Threat Intelligence Blog

Posted May 10, 2016

This weekly brief highlights the latest threat intelligence news to provide insight into the latest threats to various industries.


“The utility sector is generally ahead of other industries when it comes to cybersecurity readiness. But what will it take to keep them ahead of cyber attackers?

Starting in July, U.S. utilities must comply with a new federal standard aimed at bolstering security — especially cybersecurity. Version 5/6 of the North American Reliability Corporation’s Critical Infrastructure Protection standard (NERC CIP) takes a new approach to mandating security for bulk power systems. Rather than telling utilities how they should address known risks, it requires utilities to assess and rate security risks for their assets and systems, and come up with their own programs.”

Greentech Media


“In a recent blog post, the Federal Bureau of Investigation (FBI) discussed the implications and potential dangers of ransomware, which has quickly become one of the larger threats to healthcare cybersecurity.

Along with hospitals, state and local governments, law enforcement agencies, and business of all sizes could find themselves victims of a ransomware attack, according to the FBI.

Ransomware is not a new threat, but the number of attacks increased in 2015, the agency explained, and the trend appears it will continue throughout 2016.”

HealthIT Security

Financial Services

“Qatar National Bank said that its systems were “fully secure” following a cybertattack which potentially exposed the names and passwords of tens of thousands of customers. In a statement released on its website, QNB also said that the hack would have “no financial impact” on its customers but admitted for the first time that clients in Qatar had been targeted. “QNB Group’s Risk Team monitored abnormal activity in our system environment, this was immediately communicated to relevant authorities,” read the statement.”

Gulf Base

Legal and Regulations

A recently leaked European Council proposal dated 13 April 2016, provides details on the EU’s plan to restrict the practice known as geo-blocking, the intentional blocking of a user from protected content due to his geographical location. According to the Council, geo-blocking is contrary to an internal digital market in which digital content such as music, games, films and sporting events should be accessible across borders. Back on 9 December 2015, the European Commission presented a first proposal for a regulation “on ensuring the cross-border portability of online content services in the internal market” which sought to partially prohibit geo-blocking.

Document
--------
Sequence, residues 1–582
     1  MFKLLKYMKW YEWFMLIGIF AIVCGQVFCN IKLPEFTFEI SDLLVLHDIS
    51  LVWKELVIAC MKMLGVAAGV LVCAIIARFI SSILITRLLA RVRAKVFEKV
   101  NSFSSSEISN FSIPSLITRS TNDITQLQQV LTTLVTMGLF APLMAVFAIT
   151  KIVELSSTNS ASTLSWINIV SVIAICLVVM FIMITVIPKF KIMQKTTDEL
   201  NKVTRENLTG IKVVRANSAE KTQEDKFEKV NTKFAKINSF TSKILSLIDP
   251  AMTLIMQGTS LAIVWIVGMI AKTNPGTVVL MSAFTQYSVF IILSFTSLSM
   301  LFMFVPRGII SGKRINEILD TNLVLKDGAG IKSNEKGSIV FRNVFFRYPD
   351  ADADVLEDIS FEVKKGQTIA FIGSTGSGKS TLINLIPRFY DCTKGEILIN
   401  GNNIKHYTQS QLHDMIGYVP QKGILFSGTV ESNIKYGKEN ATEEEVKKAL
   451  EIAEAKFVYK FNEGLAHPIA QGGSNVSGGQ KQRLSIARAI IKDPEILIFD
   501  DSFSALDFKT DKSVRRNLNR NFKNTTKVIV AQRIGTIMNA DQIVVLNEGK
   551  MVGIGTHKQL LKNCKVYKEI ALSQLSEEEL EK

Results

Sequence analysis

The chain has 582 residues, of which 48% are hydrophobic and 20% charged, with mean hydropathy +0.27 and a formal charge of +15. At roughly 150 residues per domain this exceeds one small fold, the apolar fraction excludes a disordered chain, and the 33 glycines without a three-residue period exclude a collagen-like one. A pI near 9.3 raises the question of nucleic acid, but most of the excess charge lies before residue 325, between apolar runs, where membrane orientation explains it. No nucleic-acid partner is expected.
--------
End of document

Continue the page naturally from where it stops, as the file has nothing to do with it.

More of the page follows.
European Union


“More than 270 million email accounts with major providers around the world have been compromised, a security expert has warned, with passwords being exchanged by criminals in Russia.

Alex Holden, the expert, says most users of, Russia’s most popular email service, have had their account details stolen.

Millions of users of the Google, Yahoo, and Microsoft email platforms have also had their data stored in one of the largest databases of stolen credentials ever discovered, Mr Holden told Reuters.”

The Telegraph

Law Enforcement

“The anonymous source responsible for leaking the vast document trove known as the Panama Papers said in a manifesto published on Friday that she or he “would be willing to cooperate with law enforcement” to ensure the prosecution of wrongdoing revealed by the paper trail — but only once “governments codify legal protections for whistleblowers into law.”

The source wrote that the leaked files on offshore business dealings and shell companies organized by Mossack Fonseca, a law firm based in Panama, revealed “the scandal of what is legal and allowed.” ”

The Intercept

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